A Bible teacher at a Christian school in Florida has been arrested for allegedly manipulating a girl between 12 and 16 years old to perform oral sex on him inside the church.
Robert Russell Browning, a 59-year-old man listed as a Bible teacher on the website for Cedar Creek Christian School, was charged with lewd battery, lewd and lascivious molestation, and transmission of material harmful to a minor. The girl’s father reported Browning after finding inappropriate photos and conversations on her phone.
He remains in jail on a $250,000 bond.
“I found everything,” the father said.
According to the arrest report, the girl said she performed consensual oral sex on Browning at the church while he touched her inappropriately. Investigators found text messages between Browning and the girl about the incident.
The father said he is furious and feels betrayed by someone who was supposed to be a mentor to his child.
No kidding. I would feel betrayed, too. For far too long, “men of God” have been given unearned respect as “mentors” and “authority figures.” This mindset, combined with the positions of many churches that inadvertently promote silence and secrecy even when sexual crimes are committed, can give perverts a safe space in which to hurt kids.
While the victim may have described what happened as “consensual,” she was below the legal age of consent, which is 18 in Florida.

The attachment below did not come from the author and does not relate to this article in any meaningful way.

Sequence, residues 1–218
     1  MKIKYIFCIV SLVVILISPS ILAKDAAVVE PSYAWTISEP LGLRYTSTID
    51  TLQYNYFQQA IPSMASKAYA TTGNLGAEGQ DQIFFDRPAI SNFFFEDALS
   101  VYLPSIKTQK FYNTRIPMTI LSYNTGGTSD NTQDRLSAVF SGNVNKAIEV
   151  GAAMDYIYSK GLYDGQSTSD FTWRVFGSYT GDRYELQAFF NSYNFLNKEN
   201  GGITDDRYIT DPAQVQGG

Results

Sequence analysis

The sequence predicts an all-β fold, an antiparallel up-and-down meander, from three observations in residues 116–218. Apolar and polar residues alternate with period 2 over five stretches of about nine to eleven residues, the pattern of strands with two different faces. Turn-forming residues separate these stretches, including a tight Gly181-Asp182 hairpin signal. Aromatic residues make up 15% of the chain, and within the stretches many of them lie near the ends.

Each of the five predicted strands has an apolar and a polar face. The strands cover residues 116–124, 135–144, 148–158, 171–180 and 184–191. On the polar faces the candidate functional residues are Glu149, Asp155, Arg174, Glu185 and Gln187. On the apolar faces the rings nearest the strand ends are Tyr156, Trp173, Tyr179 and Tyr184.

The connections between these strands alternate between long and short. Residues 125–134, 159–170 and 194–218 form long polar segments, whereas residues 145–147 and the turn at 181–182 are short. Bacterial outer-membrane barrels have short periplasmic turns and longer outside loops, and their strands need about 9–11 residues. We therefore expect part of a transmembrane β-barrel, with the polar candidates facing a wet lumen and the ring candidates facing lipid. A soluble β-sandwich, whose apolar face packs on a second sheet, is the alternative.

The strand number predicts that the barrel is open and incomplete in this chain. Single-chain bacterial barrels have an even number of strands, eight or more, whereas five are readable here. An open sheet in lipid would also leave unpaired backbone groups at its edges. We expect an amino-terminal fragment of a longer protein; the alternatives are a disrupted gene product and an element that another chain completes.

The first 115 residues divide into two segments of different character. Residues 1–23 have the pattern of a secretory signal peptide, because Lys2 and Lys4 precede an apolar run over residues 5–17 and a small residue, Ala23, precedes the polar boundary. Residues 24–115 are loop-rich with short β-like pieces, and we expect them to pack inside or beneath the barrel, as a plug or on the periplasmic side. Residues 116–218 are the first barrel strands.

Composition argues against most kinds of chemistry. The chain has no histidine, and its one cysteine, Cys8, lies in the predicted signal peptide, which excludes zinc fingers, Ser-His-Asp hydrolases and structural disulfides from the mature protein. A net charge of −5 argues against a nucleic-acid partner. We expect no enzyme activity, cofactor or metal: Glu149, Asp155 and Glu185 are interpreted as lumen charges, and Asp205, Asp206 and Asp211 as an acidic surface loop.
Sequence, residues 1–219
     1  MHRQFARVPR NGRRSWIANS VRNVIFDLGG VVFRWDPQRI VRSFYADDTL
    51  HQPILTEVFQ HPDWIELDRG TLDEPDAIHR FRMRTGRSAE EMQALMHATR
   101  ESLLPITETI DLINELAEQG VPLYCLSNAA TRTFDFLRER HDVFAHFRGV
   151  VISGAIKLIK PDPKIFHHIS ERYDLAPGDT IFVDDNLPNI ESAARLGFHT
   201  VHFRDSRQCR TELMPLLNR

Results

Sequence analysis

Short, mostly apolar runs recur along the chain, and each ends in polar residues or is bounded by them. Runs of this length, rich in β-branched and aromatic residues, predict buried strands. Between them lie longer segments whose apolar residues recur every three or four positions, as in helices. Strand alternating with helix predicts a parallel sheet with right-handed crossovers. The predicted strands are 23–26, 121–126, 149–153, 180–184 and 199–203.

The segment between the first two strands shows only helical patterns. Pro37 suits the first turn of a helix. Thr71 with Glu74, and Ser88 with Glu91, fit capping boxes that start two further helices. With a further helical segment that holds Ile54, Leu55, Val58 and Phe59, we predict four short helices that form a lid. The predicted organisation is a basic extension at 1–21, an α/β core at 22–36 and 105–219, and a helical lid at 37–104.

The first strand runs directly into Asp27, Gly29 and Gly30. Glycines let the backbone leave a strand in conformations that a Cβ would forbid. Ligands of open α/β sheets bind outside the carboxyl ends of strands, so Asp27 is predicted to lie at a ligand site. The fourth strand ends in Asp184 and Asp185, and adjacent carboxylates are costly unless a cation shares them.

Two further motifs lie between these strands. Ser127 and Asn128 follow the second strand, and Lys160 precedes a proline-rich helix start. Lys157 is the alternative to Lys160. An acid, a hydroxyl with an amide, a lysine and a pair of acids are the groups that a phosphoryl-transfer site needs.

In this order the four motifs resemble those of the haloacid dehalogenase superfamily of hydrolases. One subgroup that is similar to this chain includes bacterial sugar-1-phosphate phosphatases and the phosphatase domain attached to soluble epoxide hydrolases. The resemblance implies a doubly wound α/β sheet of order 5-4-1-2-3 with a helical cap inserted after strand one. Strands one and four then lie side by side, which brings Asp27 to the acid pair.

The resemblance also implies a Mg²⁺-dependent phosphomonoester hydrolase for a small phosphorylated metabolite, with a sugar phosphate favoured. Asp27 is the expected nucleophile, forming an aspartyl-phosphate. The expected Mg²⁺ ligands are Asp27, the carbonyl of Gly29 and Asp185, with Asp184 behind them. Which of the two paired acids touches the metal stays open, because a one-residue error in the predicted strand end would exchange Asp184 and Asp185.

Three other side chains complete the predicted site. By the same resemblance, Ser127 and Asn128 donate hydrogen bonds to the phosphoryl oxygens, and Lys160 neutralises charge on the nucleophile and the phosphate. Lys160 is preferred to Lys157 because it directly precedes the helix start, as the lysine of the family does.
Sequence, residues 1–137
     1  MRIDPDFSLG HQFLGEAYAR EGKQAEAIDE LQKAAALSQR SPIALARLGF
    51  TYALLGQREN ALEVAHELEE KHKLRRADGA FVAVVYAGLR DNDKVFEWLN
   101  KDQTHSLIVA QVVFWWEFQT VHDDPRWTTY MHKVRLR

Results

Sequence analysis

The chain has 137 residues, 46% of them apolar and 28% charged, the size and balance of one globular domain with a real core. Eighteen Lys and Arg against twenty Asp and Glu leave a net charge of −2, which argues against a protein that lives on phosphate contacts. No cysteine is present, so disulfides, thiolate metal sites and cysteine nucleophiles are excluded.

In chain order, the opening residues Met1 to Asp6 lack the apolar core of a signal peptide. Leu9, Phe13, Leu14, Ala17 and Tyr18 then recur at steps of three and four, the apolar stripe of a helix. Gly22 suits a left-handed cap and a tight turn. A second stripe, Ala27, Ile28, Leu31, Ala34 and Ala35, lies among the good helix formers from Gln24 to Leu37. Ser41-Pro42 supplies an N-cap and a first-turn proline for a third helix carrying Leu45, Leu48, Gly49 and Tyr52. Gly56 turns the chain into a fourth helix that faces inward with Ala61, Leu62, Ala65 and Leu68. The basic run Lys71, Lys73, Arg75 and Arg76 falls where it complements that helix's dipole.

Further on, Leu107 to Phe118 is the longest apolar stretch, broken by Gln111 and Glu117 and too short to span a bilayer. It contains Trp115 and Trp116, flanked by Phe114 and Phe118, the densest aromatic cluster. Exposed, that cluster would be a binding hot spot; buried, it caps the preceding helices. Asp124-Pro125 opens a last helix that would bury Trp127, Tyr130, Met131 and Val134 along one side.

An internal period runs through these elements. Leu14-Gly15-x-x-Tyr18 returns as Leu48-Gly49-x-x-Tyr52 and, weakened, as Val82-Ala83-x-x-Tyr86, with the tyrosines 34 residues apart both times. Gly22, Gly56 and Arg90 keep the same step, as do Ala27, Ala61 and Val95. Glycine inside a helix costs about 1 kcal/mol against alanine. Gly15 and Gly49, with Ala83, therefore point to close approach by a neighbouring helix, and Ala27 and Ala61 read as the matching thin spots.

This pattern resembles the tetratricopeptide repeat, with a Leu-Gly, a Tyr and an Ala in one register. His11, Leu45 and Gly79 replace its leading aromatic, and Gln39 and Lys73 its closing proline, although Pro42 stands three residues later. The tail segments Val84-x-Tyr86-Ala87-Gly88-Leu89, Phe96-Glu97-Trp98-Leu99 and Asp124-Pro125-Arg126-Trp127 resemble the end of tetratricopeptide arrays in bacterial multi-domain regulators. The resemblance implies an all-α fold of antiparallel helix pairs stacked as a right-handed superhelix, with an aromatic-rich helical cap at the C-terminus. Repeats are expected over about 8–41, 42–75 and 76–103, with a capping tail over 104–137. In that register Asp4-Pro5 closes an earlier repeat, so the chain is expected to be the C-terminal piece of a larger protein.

At least the church that runs this particular Christian school is taking the arrest seriously.
Pastor John Montgomery of Cedar Creek Baptist said the school took swift and immediate action, terminating Browning immediately.
Montgomery said Browning, like all employees, was fingerprinted and checked with the FBI when he was hired six years ago.
“Of all people, I would have never ever thought that something like that could have happened,” Montgomery said. “We live in a fallen world, and people do things that absolutely shock you.”
In addition to terminating Browning and trying to support the victim’s family, Montgomery said the church was also increasing security and adding more surveillance cameras “to make sure this can’t happen again.”
That’s a start, though security cameras at one facility won’t be enough to fix the root problem here. (The issue isn’t where it happened; it’s that it happened.) The question they need to ask themselves is whether their religious beliefs and subsequent policies contributed to this crime, and if so, how they can make sure that’s not going to happen again. We can play our part by remembering that religious authorities don’t automatically deserve trust. They have to earn it.